- Marina Hedlund
Does it Matter What Oils I Cook with?
Let’s start of by explaining the basic differences in the fats found in oils. There a few different kinds:
· Monounsaturated fatty acids: MUFAs contain 1 double bond in its chemical structure making them liquid at room temperature. Found in avocado oils and olive oils.
· Polyunsaturated fatted acids: PUFAs have more than 1 double bond and are also liquid at room temperature. Found in safflower oil, sunflower oil and corn oil.
· Saturated fats: No double bonds in their chemical structure making them solid at room temperature. Think coconut oil but also found in animal meats (beef, poultry, pork), processed meats, and dairy products (cheese, butter, milk). We Americans consume enough of these on our own. No need for supplementation.
· Trans fats: Occurs naturally in some foods in very small amounts. Most commonly found in processed foods through a process called hydrogenation. This process causes the oil to become solid at room temperature. Quite simply, do not consume trans fats. The hydrogenation process allows processed foods to have a longer shelf life. So this is why you find them in baked goods, frozen pizzas, fried foods like chips and coffee creamers. Restaurants use them in their deep fryers as the oil lasts longer and you don’t have to change the oils out as often.
Unrefined vs. Refined
Unrefined or raw oils mean the oil was extracted or pressed from the seed, nut or vegetable and was bottled immediately. Refined or processed oils are broken down even further with chemicals, this is more cost effective for manufacturing. This means that unrefined oils have a better nutrient retention verses refined but it also means they have lower smoke points and can turn rancid more easily.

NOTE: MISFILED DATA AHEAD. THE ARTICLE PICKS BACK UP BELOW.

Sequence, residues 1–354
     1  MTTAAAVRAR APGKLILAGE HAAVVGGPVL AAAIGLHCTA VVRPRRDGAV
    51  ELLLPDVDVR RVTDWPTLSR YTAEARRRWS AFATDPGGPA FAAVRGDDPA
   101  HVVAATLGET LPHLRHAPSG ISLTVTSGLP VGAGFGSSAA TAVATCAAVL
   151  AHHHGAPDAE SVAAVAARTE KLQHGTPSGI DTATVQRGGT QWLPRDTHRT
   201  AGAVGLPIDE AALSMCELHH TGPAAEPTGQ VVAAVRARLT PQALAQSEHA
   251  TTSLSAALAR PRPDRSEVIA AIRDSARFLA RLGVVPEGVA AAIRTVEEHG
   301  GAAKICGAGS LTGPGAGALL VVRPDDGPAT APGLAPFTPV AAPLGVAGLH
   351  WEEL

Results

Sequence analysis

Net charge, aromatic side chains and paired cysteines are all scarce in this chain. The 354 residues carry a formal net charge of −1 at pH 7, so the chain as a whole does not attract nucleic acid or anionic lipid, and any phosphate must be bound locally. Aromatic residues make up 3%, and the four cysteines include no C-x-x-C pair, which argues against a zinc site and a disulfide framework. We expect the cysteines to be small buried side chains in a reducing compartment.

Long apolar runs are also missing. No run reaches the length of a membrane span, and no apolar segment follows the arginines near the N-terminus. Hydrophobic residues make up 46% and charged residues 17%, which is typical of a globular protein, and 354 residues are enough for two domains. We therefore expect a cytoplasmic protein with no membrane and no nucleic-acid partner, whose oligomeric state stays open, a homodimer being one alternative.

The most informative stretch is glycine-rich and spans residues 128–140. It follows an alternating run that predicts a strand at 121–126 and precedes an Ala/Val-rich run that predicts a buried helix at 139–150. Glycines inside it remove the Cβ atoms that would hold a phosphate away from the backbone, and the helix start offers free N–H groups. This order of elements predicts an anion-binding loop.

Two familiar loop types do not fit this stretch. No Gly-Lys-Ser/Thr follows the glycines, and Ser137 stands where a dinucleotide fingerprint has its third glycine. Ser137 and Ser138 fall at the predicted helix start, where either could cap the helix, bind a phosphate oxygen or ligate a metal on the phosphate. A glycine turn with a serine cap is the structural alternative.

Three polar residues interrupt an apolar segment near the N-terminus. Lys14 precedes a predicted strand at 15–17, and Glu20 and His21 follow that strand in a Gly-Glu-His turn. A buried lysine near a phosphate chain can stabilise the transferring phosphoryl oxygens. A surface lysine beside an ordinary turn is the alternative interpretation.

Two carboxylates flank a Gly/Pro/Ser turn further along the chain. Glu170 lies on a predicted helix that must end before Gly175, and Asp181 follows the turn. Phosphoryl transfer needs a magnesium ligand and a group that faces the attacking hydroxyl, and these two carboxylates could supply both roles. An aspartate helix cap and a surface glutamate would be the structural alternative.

What’s in Vegetable oil?
Vegetable oils are blends of several types of oils that have been highly processed and refined which cancels out the health benefits of these oils. Another issue with vegetable oils its their high ratio of Omega 6 to Omega 3 which American’s consume well on their own. These oils are also more easily oxidized while cooking.
What is smoke point and why does it matter?
The smoke point of oils is not only important in the taste of food, its also important for your health. The smoke point is the temperature at which fat or oil begins to break down from the heat. Heating oils past their smoke point has been linked to the formation of carcinogens. Free radicals are formed through a process called oxidation and in turn the oil becomes rancid. This is why its important to be aware of what oils you are cooking with and their smoke points! Polyunsaturated fatty acids are the most prone to oxidation and creating free radicals.
So what oils should I be cooking with?!
Your best options are to stick with unrefined olive oil and avocado oil for cooking. Olive oils can be used in lower heat cooking as well as its great used cold in salad dressings. Avocado oil has the highest smoke point at 520 degrees and is ideal for high heat cooking. A quick google search can get you a full list of oils and their smoke points!